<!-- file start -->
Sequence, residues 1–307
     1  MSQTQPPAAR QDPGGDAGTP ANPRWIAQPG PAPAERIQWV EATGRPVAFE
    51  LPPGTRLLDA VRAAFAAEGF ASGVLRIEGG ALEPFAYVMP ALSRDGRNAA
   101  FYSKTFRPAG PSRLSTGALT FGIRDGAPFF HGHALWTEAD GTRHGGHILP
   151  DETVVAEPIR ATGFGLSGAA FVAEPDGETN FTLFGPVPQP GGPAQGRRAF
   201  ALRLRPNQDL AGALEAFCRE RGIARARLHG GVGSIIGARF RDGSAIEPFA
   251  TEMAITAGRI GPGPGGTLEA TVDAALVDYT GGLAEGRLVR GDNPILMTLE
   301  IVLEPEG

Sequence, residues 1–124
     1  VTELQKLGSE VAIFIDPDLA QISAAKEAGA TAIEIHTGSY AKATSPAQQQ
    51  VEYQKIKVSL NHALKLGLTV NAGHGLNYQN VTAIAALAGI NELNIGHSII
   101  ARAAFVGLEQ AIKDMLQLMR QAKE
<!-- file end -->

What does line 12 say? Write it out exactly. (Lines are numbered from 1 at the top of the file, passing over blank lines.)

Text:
   101  ARAAFVGLEQ AIKDMLQLMR QAKE